Parents in McLouth raise $20,000 for ball programs
When McLouth booster club members decided to raise money to start a high school baseball and softball program, they didn't mess around.
A year and a half and more than $20,000 later, their goal has become a reality.
For last Thursday's grand opening and the teams' first home games, parents, students, players, well-wishers and even former Royals pitcher Dennis Leonard, showed up to cheer.
Leonard, known for his 130 wins from 1975-1981, was named three times as the Royals' pitcher of the year. Today, he lives in Blue Springs, Mo., and coaches baseball at Raytown High School.
Leonard praised the McLouth booster club for starting up the teams.
"It's a heck of an accomplishment for a small town," Leonard said. "They raised quite a bit of money for that."
When Leonard began autographing baseballs, McLouth baseball players were among the first in line.
Giovanni Byer called the startup of baseball a great experience.
"And for me being a senior, it's really good," Giovanni said. "After the fall sports were over with, we had something to look forward to, something to do."
Chase Coffin said he was glad to see baseball and softball added to the high school.
"There's more sports to compete in now," he said, "And a lot of people wanted a baseball team in McLouth and now we have one."
Keith Miller, head coach for softball, said, he was happy to see booster club members' work brought results.
"There's been a movement here to get baseball and softball," Miller said. "The boosters put together a proposal and the school board approved it. The parents have been great. They did all the fund raising."
Jean Rush, McLouth superintendent, praised the booster club members.
"Talk about dedicated parents," Rush said. "I've never worked with a group of parents who have been as dedicated and supportive as that group."
Kim Nitzsche, a booster club member who helped with fund raising and planning activities, said McLouth already had a good summer baseball program, operated by the recreation commission.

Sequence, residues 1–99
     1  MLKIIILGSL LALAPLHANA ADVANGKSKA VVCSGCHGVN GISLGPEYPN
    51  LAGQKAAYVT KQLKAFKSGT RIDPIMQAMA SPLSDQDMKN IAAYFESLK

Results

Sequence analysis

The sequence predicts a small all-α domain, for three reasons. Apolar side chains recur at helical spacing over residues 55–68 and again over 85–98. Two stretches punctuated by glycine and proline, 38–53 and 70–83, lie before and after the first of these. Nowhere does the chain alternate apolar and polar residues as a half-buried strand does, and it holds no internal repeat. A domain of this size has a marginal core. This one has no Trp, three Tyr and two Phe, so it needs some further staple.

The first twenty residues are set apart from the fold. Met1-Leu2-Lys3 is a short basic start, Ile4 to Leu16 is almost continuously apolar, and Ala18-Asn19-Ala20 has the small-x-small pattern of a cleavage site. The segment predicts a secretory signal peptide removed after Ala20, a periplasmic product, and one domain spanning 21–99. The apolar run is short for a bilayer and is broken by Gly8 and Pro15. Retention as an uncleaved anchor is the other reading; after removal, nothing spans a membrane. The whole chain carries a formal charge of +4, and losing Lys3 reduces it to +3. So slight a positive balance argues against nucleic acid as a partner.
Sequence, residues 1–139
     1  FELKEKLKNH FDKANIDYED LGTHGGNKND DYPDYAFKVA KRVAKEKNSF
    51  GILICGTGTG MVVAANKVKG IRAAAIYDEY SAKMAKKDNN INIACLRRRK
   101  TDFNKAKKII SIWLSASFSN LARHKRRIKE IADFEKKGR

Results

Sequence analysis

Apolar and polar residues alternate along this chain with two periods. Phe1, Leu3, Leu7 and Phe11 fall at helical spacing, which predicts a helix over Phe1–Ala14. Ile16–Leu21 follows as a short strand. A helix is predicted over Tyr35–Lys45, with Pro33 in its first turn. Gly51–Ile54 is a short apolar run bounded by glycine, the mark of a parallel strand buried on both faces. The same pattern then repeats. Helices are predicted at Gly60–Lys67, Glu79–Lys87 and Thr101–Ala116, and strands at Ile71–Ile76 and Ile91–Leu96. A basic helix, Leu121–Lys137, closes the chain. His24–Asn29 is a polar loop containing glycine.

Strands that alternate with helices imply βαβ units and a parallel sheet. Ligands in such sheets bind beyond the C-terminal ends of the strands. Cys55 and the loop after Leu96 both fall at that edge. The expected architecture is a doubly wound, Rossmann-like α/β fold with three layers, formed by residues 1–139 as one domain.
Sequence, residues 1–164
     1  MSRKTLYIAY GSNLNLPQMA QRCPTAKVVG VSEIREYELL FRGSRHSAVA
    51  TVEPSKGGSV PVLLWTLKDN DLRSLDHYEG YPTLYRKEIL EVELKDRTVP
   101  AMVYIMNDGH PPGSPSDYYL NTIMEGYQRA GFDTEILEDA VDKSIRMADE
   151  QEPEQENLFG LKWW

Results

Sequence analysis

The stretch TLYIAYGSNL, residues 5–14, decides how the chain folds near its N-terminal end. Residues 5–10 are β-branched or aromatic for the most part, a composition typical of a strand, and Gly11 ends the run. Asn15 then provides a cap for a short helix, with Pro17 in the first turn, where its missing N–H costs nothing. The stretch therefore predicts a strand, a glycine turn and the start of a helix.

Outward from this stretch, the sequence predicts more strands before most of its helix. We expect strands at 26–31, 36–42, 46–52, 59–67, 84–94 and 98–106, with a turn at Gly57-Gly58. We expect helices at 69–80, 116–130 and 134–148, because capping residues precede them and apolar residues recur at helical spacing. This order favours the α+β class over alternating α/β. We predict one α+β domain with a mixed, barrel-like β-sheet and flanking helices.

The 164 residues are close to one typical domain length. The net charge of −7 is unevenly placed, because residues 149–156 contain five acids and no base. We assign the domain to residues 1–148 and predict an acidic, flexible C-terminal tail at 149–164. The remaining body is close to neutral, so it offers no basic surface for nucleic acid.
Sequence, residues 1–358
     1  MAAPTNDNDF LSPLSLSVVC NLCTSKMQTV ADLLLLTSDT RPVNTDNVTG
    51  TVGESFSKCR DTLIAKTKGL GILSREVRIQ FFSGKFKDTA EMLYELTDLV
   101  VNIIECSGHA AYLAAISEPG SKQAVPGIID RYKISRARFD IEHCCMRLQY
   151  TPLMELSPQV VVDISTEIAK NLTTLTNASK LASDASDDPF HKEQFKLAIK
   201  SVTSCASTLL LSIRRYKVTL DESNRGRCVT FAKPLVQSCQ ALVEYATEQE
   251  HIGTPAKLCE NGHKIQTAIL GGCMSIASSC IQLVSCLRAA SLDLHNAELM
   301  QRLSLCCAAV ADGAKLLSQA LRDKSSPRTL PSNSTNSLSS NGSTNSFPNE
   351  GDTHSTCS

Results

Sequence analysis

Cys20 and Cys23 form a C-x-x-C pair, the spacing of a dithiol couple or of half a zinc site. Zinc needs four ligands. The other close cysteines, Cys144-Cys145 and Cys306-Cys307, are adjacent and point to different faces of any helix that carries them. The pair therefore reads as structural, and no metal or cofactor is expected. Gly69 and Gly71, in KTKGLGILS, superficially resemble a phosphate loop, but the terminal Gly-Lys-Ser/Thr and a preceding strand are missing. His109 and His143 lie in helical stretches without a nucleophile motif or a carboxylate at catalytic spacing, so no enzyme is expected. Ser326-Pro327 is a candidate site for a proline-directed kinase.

"This is something we wanted to start for the kids in high school," Nitzsche said. "The high school baseball and softball, they've never had it before this is history."
The group had approached the school in years past, she said, but because of the district's tight budget, no program was established.
"So we decided if the board would allow us to try to raise the money, we would," Nitzsche said.
The booster club estimated it would take about $28,000 to run the program for the first two years. This would cover equipment, uniforms and salaries. The first year in which equipment and uniforms needed to be purchased, would be the most expensive, she said.
"We've raised more than $20,000 at this point," Nitzsche said. "So we've got it through the first year and we've almost got the second year covered."
Fund-raising events the group held included a bird dog trial, volleyball and basketball tournaments, concession stands, selling suckers, catering school dinners and hosting a semi-pro football team, the Kansas Plainsmen, for their 20-game season. The group made more than $7,000 from ticket sales and concession stand sales during the Plainsmen games.
"It's been a lot of hard work," Nitzsche said, "But the people have been so great and we've had so many people helping us when you ask people, it's amazing how willing they are to help you when it's for the kids."
From the project's original intent to start a baseball program they've branched out, buying a tackle sled for the middle school's football program and hosting after-game dinners for the football team. The group also hosted an awards banquet for high school and junior high teams and cheerleaders.
"We are also talking about doing other things for the grade school area," Nitsche said.
The long-term future of the baseball and softball teams is uncertain, Rush said.
"The board of education did approve the new program, provided that the funds are raised for two years," Rush said.
At the end of two years, the board will evaluate student participation and student interest in the program, as well as cost.
"The biggest concern we've had as a school district is that funding has become tighter," Rush said. "We re-evaluate things with much more scrutiny, so to pick up another sport out of the existing budget will be extremely difficult to do."
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